Making your own dairy-free vegan ice cream—also known as "nice cream"—is a whole lot easier than you might think. Plus, you can feel good about what you're eating because you get to control the ingredients—no mystery fillers or artificial flavors for you! I'll show you how to make two basic recipes for easy homemade vegan nice cream—one vanilla and one chocolate—and show you how to turn them into different variations by adding a little of this and a dash of that. And because these are small-batch recipes, you can have a different flavor adventure every night!
Two Basic Recipes, So Many Possibilities
Making vegan nice cream truly does not get easier. Simply process a handful of common ingredients in a blender with some ice. That's it. Seriously. After that, you'll add flavors and make substitutions to create your custom nice cream treats.
Basic Vanilla: Vanilla Vegan Nice Cream
Ingredients: Cashews, banana, tofu, pitted dates, vanilla extract, ice cubes, and a dash of soy milk.
Basic Chocolate: Chocolate Vegan Nice Cream
Ingredients: Same as the basic vanilla, but with cacao powder added.
4 Nice Cream Variations to Try
Each of these riffs shows you how you can start with one of the basic recipes and change up the flavor by adding and swapping ingredients.
For this variation on the vanilla nice cream recipe, you'll swap out the vanilla for mint extract and add vegan chocolate chips. Done and done.
A cup of frozen strawberries is all that's needed to take the vanilla recipe from nice to niiiiiice.
Dried cherries add a bit of tartness to the chocolate base recipe, and vegan chocolate chips double the chocolate fun.
This variation of the chocolate recipe is like your favorite peanut butter cup, but better because we added a touch of salt. And, ya know, it's in nice cream form, so...YUM.
Top Tips to Make Vegan Nice Cream
Sweet Substitutions: By design, these recipes are light on the sugar, but if you need a little bump, here are some ideas for turning up the sweetness while still keeping it healthy:
- The ripeness of the banana will affect the sweetness, so choose riper bananas for sweeter bites.
- Adding agave or maple syrup is a good option for adding sweetness. One teaspoon goes a long way. (NOTE: If you add a liquid-like sweetener such as these, you may not need any plant-based milk—try blending the ingredients before adding the milk, and only add it if needed.)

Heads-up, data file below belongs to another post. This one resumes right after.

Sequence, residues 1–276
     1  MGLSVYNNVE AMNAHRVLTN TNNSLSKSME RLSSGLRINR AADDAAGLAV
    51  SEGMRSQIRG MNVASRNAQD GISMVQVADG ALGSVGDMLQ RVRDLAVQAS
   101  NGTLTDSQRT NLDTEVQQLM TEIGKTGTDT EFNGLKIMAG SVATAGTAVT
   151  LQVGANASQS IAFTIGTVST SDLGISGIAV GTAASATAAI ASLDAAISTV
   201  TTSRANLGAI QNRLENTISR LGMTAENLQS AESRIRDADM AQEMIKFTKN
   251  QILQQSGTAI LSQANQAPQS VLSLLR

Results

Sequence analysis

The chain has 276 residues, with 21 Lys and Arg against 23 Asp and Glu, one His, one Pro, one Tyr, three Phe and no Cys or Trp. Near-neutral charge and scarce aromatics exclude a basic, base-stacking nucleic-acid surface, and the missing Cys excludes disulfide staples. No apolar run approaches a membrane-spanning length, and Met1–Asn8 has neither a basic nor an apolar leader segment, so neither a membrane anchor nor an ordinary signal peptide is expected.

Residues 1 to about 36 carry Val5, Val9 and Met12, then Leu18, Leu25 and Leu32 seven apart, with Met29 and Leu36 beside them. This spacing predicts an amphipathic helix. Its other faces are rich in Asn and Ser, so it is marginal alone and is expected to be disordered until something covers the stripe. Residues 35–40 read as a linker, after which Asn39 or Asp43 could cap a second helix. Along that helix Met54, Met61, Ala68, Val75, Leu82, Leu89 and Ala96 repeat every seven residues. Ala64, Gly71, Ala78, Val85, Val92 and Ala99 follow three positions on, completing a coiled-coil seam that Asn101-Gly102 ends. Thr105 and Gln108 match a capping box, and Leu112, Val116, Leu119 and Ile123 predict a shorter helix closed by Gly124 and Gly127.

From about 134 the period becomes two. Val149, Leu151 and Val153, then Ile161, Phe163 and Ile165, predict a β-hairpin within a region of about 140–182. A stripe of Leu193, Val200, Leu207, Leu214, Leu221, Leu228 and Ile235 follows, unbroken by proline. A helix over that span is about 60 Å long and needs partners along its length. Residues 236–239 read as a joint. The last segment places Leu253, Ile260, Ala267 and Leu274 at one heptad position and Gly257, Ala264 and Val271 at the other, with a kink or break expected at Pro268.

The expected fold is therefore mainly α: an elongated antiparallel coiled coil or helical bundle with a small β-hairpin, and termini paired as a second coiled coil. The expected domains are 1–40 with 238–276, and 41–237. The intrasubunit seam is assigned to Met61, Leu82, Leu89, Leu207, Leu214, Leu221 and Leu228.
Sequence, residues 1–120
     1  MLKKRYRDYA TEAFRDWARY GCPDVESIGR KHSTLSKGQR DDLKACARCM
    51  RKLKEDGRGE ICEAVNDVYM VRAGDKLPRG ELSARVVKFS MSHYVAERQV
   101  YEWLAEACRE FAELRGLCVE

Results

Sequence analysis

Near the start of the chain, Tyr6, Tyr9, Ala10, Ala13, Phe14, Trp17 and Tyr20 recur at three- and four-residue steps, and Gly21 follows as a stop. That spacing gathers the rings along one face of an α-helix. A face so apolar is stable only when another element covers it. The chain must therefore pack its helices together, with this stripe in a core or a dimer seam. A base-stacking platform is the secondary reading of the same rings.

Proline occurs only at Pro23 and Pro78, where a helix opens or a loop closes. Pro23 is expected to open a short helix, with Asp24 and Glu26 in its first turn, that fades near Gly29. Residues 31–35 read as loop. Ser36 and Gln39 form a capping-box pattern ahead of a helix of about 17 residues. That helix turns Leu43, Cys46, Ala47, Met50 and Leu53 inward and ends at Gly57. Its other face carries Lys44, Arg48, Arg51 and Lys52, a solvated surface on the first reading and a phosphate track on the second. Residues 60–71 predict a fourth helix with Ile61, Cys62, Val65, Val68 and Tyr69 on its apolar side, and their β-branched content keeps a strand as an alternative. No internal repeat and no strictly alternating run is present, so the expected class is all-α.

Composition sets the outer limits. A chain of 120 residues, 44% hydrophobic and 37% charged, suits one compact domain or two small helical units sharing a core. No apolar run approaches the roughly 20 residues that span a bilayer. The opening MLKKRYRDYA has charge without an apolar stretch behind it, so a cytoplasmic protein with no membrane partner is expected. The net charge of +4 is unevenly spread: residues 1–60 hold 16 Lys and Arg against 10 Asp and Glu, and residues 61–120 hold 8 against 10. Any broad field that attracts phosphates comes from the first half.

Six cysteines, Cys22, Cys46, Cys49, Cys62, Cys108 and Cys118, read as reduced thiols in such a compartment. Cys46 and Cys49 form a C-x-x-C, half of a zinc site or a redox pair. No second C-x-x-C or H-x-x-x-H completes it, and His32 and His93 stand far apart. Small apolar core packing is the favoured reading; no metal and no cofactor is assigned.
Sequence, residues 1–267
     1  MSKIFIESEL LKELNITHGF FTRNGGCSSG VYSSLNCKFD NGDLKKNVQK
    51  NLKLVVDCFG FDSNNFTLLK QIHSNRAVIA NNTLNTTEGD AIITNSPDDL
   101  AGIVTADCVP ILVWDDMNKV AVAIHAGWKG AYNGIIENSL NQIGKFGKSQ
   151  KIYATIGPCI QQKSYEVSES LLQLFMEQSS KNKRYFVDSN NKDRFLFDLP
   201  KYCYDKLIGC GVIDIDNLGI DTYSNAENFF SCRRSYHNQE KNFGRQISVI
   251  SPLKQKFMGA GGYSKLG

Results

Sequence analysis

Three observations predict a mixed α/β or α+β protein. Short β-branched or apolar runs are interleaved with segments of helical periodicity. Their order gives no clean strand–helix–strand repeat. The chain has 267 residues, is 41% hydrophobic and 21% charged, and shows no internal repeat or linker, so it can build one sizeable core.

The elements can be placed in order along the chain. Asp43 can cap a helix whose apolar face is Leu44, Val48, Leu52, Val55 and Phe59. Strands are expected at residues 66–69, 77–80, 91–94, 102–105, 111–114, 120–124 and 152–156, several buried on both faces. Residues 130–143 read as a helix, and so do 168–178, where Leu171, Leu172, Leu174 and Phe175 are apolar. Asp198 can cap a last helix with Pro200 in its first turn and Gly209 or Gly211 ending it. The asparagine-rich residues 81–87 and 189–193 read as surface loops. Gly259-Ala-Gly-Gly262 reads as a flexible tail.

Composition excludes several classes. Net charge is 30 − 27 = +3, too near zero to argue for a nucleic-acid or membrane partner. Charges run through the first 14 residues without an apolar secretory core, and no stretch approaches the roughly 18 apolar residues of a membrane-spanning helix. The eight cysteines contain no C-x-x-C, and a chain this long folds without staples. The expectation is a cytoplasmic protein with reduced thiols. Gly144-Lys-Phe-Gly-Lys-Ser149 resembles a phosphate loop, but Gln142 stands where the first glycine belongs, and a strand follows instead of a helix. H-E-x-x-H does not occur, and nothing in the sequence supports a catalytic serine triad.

- Certain ingredients like chocolate chips or fruit are automatically going to make your recipe sweeter, so keep that in mind when choosing your ingredients. And always try a bite first to see if anything additional is actually needed.
- Adding more medjool dates is another easy option for bumping up the sweetness.
- Throw in a dash of salt! Sounds a little weird, but sometimes a bit of salt effectively masquerades as touch of sweetness.
Blender versus food processor. A high-powered blender is going to give you the best results, and a regular blender is going to do a darn good job, too. Most food processors won't have enough umph for a smooth consistency, but if that's all you have available, make sure to use crushed ice—full pieces of ice just get pushed to the top of the mixture in a food processor and don't quite blend in.
Cashews—to soak or not to soak. The cashews are going to blend much smoother if they are soaked for at least an hour. That said, in a pinch you can get away with tossing them in without soaking—the nice cream texture just won't be quite as smooth.
Making nice cream without bananas. Not crazy about the taste of bananas? Understood. Increase the cashew and tofu amounts by about fifty percent and that should do it. Avocado is also a great, creamy option—you could also use it to swap out the tofu if you're trying to avoid soy.
Fun with fruit. Berries are at their best in summer, so go crazy with the blueberries, raspberries, and strawberries. And peaches peak in July and August, so take advantage. If your favorite isn't in season, no problem—nice cream is made for frozen fruit! If you're using fresh fruit, freezing it beforehand will help you get a thick nice cream consistency. But, if you are tossing it in at room temperature, hold off on adding plant-based milk when blending—the juice from the fruit may be enough to get things moving.
Add some crunch. Candied pecans, raw walnuts, roasted almonds—chocolate-covered almonds?! From nuts to granola, stirring in something that adds some texture can really up the delicious factor. Not to mention the protein factor!
Flavor swap. Try swapping out the vanilla extract with a different flavor: anise, almond, hazelnut, etc.
How to Store and Serve Nice Cream
All of these nice cream recipes are meant to be made-to-order style, eaten right after you make them—and they are definitely along the lines of soft serve in terms of consistency. But, if you'd like to save some for later, or you'd prefer a firmer texture, here's what you can do:
Line a jelly roll pan with plastic wrap and spread the nice cream out in a thin, even layer:
Place another layer of plastic wrap on top and place another jelly roll pan over it—this will get it freezing from the top and the bottom. You can even pile a few pans up together if you're making a few different flavors:
Place pans in the freezer and check on your nice cream every hour. Depending on how many you have stacked, it can take anywhere from one to three hours to freeze to a firm consistency. To test readiness, press your thumb on the plastic wrap into the center of the nice cream. If it's firm, but you can make a slight indent, it's done. (If it got a little too hard, no problem—just let it sit out on the counter for 10-15 minutes to let it soften a bit before you scoop it.) Use an ice cream scooper to serve:
Chill your serving bowls in the freezer for about ten minutes before you use them to prevent melting. And presto, lovely scoops of vegan nice cream!
Happy nice cream making!